Entrepreneurs’ Start-Up Cognitions and Behaviors: Dreams, Surprises, Shortages, and Fast Zigzags
J. Robert Baum
affiliation not provided to SSRN
Babson College, Babson Kauffman Entrepreneurship Research Conference (BKERC), 2002-2006
I propose a mediation model of the cognitions and behaviors that successful entrepreneurs (vs. quitters) use to start "promising" companies. The model is based upon psychological theories about the causality among situation (environment), person (cognition), and behavior. Entrepreneurship, leadership and social cognition research concepts that have appeared as successful responses to uncertain dynamic environments, such as those faced by the typical entrepreneur, were studied. A three-year study involving six interviews of 122 would-be founders supported proposals that successful entrepreneurs: (1) think frequently about clear stable challenging visions, (2) apply automatic compressed experience, (3) borrow to overcome insufficient personal resources, (4) adapt goals to manage problems and opportunities, and (5) experiment. A zigzag pattern of quick responses to surprises and shortages emerged among the successful.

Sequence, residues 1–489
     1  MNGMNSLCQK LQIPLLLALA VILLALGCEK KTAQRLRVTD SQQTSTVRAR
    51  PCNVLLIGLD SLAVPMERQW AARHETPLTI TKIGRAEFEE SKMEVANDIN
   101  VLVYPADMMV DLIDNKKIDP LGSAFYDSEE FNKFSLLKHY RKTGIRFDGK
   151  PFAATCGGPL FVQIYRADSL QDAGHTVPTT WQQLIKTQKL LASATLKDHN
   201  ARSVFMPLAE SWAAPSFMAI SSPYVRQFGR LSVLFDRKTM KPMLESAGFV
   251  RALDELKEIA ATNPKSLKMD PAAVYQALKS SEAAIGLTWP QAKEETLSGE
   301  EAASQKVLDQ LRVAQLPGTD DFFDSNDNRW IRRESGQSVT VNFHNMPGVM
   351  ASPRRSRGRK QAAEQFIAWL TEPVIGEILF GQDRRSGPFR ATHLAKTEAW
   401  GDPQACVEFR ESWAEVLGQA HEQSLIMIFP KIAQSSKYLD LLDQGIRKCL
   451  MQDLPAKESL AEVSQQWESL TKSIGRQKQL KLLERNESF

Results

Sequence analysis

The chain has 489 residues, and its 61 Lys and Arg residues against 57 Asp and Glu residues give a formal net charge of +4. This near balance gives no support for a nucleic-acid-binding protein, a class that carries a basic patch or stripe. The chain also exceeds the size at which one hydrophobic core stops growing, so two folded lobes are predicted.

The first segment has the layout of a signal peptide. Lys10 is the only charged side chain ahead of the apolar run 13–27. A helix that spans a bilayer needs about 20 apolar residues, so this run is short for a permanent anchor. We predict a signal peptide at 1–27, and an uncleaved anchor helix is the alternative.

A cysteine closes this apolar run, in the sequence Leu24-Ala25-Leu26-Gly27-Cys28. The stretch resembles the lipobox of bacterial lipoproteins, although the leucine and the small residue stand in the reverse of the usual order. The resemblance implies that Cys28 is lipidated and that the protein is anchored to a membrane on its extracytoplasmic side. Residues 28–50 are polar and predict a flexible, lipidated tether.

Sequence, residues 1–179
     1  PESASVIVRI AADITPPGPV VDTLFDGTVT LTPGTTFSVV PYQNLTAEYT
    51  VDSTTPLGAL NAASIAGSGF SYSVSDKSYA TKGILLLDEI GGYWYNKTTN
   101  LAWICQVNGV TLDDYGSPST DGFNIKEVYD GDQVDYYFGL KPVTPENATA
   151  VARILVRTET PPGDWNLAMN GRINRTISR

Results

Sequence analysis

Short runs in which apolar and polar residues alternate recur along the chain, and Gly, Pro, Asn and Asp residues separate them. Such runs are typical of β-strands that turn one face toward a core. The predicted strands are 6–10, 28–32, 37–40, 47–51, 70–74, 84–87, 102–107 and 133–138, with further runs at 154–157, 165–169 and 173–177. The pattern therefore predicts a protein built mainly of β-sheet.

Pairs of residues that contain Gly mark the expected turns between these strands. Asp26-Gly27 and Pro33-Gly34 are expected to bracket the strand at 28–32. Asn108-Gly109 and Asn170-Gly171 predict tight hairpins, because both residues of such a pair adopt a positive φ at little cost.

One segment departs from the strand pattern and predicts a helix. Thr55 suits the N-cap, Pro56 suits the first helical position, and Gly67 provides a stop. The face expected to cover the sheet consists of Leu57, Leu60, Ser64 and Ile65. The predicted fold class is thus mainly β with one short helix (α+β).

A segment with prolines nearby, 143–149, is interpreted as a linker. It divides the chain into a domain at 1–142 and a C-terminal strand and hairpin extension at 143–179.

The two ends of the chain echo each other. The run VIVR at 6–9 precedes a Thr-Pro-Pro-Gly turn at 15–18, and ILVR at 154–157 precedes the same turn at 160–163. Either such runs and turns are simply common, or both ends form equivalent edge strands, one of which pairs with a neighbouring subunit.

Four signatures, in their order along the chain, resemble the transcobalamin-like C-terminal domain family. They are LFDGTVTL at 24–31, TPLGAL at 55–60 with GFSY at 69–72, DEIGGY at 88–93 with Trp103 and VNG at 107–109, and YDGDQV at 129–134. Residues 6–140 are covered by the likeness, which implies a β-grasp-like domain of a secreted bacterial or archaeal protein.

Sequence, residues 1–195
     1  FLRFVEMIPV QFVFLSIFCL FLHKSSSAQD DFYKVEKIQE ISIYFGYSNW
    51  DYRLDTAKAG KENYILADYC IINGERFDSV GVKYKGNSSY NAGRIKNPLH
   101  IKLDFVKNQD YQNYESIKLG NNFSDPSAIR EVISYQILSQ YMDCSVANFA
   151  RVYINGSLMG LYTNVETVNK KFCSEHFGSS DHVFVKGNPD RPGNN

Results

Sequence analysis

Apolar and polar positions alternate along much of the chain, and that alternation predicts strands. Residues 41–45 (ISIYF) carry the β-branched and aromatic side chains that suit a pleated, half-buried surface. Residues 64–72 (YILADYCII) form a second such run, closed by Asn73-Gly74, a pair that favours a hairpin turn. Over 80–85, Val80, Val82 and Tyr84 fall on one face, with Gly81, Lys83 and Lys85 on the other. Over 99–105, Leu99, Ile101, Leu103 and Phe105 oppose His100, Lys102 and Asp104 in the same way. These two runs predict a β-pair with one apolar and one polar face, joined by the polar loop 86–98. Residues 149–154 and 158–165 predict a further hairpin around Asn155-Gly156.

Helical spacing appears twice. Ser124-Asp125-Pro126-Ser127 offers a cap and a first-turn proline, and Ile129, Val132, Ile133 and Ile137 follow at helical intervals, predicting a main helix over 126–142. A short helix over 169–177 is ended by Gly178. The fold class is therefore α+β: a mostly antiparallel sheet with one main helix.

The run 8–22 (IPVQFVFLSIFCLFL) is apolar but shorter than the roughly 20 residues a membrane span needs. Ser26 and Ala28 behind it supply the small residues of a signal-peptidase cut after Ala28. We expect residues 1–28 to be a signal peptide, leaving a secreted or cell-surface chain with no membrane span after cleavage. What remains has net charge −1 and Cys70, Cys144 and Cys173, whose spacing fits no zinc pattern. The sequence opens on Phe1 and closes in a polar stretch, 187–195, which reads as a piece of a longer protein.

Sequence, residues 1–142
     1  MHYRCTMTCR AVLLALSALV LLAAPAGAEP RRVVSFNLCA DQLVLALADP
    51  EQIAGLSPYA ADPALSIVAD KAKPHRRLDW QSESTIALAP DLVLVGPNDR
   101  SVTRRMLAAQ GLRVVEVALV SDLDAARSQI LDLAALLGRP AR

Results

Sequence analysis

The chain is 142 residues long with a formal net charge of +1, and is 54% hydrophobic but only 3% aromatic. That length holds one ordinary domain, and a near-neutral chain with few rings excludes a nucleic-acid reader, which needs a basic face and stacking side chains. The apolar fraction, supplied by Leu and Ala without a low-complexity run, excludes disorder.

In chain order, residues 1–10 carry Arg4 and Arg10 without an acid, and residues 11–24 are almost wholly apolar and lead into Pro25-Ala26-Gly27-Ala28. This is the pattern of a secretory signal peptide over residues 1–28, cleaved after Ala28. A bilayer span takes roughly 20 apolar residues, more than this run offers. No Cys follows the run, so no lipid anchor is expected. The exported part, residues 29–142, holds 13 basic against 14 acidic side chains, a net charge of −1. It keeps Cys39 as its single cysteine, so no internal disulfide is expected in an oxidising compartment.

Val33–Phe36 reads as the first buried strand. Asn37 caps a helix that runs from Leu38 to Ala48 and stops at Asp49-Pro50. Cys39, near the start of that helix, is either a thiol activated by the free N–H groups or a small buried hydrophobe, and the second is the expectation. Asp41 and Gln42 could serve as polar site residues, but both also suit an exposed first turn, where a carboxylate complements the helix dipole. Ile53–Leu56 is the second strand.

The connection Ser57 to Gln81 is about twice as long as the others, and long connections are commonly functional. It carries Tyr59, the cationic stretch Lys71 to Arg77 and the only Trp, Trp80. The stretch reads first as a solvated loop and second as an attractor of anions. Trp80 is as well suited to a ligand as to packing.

Number of Pages in PDF File: 15
JEL Classification: M13
Date posted: March 25, 2011